Many of Trump’s foes within the GOP have complained that Donald Trump is a RINO (Republican in Name Only), who does not hew to conservative principles. That may be true, but he’s not just a RINO. He’s a classic example of what I call a gray rhino: a big, obvious threat that we are all too likely to neglect or outright ignore until it’s too late.
The Republican presidential candidate’s inflammatory statements and encouragement of bullying have left many Americans terrified over what’s happening to our democracy. World leaders have compared him to Hitler and Mussolini and called him everything from an idiot to a demagogue to a threat to peace.
Some pundits have described the loose-tongued business mogul’s initial popularity as an outlier black swan event, referring to Nassim Nicholas Taleb’s 2007 book about the unpredictable events that can sideswipe us. But once enough people recognize that something can happen, by definition it is no longer a black swan.
Unlike the highly improbable black swan seen only in hindsight, gray rhinos are obvious risks that all too often are poorly (if at all) addressed until they are charging straight at you. Unlike the elephant in the room, gray rhinos move fast. Crucially, they give us a choice: act or get trampled.
Trump’s campaign has tapped into an entire crash (the zoologically correct term, appropriately enough) of gray rhinos: a polarized, paralyzed government; a breakdown in democracy and civil discourse; dramatic changes in the labor market; the increasing concentration of wealth and power in the hands of the few; and, as might be expected, rising social and political unrest. Both white working-class voters and minority populations feel neglected and disrespected.
Basic civility, compromise and constructive engagement have fallen to the wayside, replaced by bullying, insults, race-baiting, and candidates comparing the size of their you-know-whats. Too many Americans feel that they lack the power to change things for the better. Some have dropped out of the political process altogether. Others are drawn, like moths to a flame, to strong-arm leadership and revolution, reminiscent of Latin American caudillismo, with no evidence of concrete plans to keep their promises.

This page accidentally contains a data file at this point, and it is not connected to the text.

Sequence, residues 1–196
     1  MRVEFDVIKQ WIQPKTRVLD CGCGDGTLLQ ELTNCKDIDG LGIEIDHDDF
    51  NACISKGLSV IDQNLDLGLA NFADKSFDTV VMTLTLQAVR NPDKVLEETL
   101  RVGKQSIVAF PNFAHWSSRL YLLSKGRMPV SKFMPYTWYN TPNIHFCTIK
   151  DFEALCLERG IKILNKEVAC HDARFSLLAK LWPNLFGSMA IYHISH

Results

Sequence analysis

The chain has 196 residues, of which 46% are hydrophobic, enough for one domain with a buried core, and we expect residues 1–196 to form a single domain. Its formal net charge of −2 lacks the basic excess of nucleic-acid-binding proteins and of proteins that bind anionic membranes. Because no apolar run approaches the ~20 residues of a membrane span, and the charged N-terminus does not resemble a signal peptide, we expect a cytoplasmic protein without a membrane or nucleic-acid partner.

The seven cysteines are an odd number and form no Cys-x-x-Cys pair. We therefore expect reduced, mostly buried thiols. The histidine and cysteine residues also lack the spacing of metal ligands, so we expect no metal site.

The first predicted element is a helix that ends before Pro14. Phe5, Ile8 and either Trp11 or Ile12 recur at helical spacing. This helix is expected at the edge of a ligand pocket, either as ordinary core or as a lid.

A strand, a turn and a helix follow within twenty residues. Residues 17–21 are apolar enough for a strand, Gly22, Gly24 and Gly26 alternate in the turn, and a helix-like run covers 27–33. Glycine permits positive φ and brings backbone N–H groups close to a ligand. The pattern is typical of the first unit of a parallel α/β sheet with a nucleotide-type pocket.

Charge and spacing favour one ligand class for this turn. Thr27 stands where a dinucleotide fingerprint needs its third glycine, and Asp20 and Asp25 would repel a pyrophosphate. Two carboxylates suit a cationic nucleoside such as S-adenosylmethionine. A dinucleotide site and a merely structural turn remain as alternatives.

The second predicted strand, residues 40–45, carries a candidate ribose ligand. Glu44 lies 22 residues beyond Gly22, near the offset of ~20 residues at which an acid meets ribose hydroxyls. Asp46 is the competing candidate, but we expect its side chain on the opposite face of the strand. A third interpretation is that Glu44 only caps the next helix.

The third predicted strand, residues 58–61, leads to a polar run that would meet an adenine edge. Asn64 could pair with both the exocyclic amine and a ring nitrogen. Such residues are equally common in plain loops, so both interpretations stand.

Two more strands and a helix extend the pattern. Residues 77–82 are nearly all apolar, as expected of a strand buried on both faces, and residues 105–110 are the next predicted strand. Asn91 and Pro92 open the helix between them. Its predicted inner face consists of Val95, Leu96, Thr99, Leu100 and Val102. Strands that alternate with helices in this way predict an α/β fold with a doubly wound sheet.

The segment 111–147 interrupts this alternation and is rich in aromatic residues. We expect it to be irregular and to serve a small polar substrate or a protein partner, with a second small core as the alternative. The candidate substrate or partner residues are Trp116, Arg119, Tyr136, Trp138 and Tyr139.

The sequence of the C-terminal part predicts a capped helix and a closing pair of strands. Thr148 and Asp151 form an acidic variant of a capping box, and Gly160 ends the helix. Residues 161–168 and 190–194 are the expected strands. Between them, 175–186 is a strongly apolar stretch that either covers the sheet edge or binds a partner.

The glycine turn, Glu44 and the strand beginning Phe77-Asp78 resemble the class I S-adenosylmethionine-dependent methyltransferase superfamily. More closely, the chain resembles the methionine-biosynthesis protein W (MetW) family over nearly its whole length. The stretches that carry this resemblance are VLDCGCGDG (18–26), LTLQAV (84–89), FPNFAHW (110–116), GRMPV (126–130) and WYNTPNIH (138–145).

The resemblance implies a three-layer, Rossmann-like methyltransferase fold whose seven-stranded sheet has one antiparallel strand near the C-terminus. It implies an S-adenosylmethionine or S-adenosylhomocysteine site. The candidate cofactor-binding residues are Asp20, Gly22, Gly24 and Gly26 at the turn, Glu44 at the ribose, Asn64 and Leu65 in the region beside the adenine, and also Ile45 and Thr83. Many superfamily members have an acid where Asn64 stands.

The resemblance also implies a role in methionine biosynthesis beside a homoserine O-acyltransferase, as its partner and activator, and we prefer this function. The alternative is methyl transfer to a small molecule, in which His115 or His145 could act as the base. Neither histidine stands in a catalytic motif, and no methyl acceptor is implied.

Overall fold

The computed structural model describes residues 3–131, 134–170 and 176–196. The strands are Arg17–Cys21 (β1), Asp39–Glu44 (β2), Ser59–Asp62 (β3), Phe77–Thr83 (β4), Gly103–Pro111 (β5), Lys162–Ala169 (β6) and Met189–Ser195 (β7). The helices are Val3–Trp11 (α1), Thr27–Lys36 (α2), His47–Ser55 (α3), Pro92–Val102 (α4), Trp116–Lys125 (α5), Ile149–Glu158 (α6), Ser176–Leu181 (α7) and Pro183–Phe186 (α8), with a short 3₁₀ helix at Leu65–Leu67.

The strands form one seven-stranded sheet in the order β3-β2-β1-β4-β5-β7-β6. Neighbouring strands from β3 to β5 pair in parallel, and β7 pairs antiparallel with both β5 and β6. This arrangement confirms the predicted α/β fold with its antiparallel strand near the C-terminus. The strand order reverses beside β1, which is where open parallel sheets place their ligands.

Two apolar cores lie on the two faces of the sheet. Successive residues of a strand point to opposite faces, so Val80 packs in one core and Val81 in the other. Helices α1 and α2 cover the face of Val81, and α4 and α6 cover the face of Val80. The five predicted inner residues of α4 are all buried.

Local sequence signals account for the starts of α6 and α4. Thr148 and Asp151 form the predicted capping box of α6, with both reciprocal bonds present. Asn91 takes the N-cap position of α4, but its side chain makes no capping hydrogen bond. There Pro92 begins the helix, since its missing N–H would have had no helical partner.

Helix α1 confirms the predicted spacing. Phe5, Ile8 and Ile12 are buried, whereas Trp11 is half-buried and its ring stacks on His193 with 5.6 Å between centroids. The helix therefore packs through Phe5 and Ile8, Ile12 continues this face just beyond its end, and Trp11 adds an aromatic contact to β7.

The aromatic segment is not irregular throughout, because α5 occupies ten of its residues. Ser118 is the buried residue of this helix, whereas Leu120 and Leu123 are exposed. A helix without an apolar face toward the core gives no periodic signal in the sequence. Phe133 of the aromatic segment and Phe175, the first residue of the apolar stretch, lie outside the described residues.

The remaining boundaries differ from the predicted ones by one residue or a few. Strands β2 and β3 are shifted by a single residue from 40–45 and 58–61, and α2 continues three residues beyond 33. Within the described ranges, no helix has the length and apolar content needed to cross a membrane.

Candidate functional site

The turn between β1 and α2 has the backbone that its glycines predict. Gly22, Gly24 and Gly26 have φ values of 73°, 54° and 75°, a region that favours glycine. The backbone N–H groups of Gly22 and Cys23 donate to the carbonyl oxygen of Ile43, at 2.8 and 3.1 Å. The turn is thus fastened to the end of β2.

Trump’s takeover of the GOP is a classic example of how the five stages of a gray rhino unfold, from denial to muddling to diagnosing to panic to action. Understanding these stages can help to understand how to face a threat staring us in the face.
Early denial of the idea that Trump could become the GOP presidential nominee was more than understandable in the summer of 2015. But as he gained momentum over the fall, denial quickly ceded to muddling: recognition that the problem existed, but failure to diagnose the problem or present a solution, much less act decisively.
By Fall 2015, Republican campaign strategists were worried enough that they drew up a “ProtectUSA” plan to stop him. But no donors took them up on it. In February, Republican governors met to talk about how to prevent the increasingly real possibility of a Trump nomination. In March, they laid out a 100-day plan to derail his campaign. In April, Ted Cruz and John Kasich announced a plan to cooperate against Trump. But it was all too little, too late.
When his last rival dropped out and Trump became the presumptive Republican nominee, the political establishment entered the fourth stage of a Gray Rhino crisis: full blown panic. Panic ought to create the impulse to action. In this case, the action the party chose was to let itself be trampled.
We’re at a new inflection point, for both the GOP and the general public.
The GOP will have to decide if the party can be rebuilt. Trump’s GOP does not seem to be ready to deal seriously with the issues that created his fan base, nor with cross-cutting fault lines within it: between those who believe the party can only survive if it is more inclusive and those who want to bring it back to the 1950s but without the optimism; and between those who believe in more trickle-down policy for the one percent and those who are sincere in their believe in growth and entrepreneurialism.
By choosing a smaller tent and utterly refusing to act presidential, Trump may be his own gray rhino.
For its part, the Democratic Party has a choice of how to deal with Trump between now and November. To stop Trump, it must face head on the obvious but neglected issues that helped to create him.
The first challenge is to avoid the GOP’s first pitfall: denial. Surely America could not possibly elect as president a bully who insults Muslims, Mexicans, women, and disabled people; who has dragged the campaign rhetoric to a high school level; and who has told so many flat-out lies and half-truths that Politifact has called his accumulated statements its 2015 Lie of the Year?
Yet millions of voters across the United States have supported him. The website Five Thirty Eight puts the odds of a Trump win at about one in three. Recall that the odds of a Brexit were just 17 percent only months before 52 percent of British voters chose to leave the European Union. A Trump win is not impossible.
Hillary Clinton is hardly muddling or complacent in the face of Trump, out-fundraising him and making it hard to ignore his less attractive traits. The Democratic Party’s full strategy will become more apparent at its upcoming national convention.
Trump may come with a silver (or is it faux gold?) lining by giving America the shake-up that it needs. Indeed, his candidacy itself has sparked a sense of urgency and soul-searching, if not yet full-blown panic, that suggests the Democrats are more likely than the GOP to act successfully than capitulate.
But even if there were no Trump, America’s underlying gray rhinos would still be there. Unless Americans succeed in addressing those issues, we will be flattened, whether by Trump or otherwise.